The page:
Honda to keep up engine development work for Red Bull

Red Bull's hopes of keeping up its current form when it runs its own Formula 1 engines next year have been boosted with Honda committing to continue some development work.

Honda to keep up engine development work for Red Bull

The Milton Keynes-based team has had an encouraging start to the 2021 campaign, with Max Verstappen taking pole position for the season opener in Bahrain and winning last time out at the Emilia Romagna Grand Prix.

That success has been helped by big progress from Honda, which will be pulling out of F1 at the end of this season.

Red Bull's takeover of the Honda project for 2022, allied to an engine freeze, makes it essential that it does not fall behind this winter when rival manufacturers will all be working hard to make their final improvements to the current generation of engines.

But despite Honda's departure, Red Bull team boss Christian Horner says that the Japanese manufacturer is doing what it can to help prepare for the new fuels that are coming.

From 2022, as part of F1's push for a more sustainable future, engines must run on what is known as E10 fuel – which is petrol that includes a 10% blend of advanced sustainable ethanol.

The change in fuel will require engines to be adapted to maximise performance, and it is in this area that Honda is working to help prepare Red Bull as best as possible.

Speaking to Motorsport.com about what Honda was doing to help Red Bull for next year, Horner said: "The biggest challenge for all the manufacturers is the introduction of that new fuel.

"So Honda, will, whilst they have the resources available to them, look to ensure that we're going in to the freeze in the best possible manner that we can be.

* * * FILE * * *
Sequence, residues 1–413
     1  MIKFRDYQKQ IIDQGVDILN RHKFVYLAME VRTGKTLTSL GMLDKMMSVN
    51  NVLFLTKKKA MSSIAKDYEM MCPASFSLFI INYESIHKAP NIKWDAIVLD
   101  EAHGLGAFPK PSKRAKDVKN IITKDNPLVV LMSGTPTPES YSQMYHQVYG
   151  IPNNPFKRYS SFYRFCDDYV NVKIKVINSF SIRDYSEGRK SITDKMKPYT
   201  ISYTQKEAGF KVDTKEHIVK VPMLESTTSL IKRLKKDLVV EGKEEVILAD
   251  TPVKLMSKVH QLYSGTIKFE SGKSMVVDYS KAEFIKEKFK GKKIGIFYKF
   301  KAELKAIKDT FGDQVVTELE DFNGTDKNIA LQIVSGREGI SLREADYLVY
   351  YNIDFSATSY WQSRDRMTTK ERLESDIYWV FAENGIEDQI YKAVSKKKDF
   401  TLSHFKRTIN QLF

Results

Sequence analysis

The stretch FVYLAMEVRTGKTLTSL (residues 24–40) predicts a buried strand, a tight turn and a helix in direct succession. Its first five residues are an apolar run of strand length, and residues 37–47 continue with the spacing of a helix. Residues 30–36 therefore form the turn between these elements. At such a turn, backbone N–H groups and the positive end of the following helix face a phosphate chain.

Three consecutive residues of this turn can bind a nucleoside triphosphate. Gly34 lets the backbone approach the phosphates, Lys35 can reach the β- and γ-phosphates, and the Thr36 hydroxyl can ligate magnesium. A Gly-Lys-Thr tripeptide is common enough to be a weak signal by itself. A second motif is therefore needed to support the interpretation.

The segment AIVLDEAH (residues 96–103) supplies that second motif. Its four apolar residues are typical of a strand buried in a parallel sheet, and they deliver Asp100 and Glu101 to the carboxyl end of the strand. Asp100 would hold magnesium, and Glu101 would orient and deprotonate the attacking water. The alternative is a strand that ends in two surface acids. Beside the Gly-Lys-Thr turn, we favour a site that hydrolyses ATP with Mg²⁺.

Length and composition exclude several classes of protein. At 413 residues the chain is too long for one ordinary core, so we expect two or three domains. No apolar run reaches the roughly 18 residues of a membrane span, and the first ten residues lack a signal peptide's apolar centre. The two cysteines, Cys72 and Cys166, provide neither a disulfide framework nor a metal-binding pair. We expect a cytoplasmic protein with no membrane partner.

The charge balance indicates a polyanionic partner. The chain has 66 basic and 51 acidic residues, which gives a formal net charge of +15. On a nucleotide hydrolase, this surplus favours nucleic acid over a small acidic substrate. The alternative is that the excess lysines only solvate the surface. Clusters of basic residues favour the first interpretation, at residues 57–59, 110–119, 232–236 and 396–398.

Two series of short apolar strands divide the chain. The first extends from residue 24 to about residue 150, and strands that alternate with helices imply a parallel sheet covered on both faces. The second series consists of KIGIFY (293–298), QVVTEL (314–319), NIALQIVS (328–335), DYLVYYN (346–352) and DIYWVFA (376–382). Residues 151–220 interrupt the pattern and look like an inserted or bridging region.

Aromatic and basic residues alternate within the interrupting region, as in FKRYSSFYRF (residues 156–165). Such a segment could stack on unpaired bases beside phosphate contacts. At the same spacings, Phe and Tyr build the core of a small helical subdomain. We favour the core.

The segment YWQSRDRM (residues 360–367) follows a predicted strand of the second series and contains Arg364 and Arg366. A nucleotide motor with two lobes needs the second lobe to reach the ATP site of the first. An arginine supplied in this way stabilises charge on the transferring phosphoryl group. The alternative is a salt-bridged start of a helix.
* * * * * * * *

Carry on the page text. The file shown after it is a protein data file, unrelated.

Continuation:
"Work is ongoing with that while Honda is still up and running in Sakura [its R&D facility in Japan], before everything is handed over."

Read Also:

While Red Bull's decision to run its own powertrains division was prompted by Honda's withdrawal from F1, the company has turned the situation into a much bigger project as it has developed.

The team's intent is clear in it wanting to build its own power unit entirely for new regulations in 2025, and it recently announced the signing of long-time Mercedes employee Ben Hodgkinson as its new technical director.

Work on a new state-of-the-art factory in Milton Keynes has begun recently, and Horner has laid out his hopes of the engine division helping take the team forward to success.

"Obviously with the engine freeze it was important as a safeguard for what will effectively be an interim period," he said. "But for the new engine, whenever that comes, potentially 2025, we're obviously building up a structure.

"We're going to inherit some great people and talent from Honda, but we are absolutely committed to getting the right people in the right roles in an efficient manner that integrates fully with the chassis side of the business."

shares
comments

Related video

How in-form Norris is staking his claim as Britain's next F1 champion

Previous article

How in-form Norris is staking his claim as Britain's next F1 champion

Next article

Brivio: Talking with Alonso no different to MotoGP champion Mir

Brivio: Talking with Alonso no different to MotoGP champion Mir
Load comments
French Grand Prix driver ratings Prime

French Grand Prix driver ratings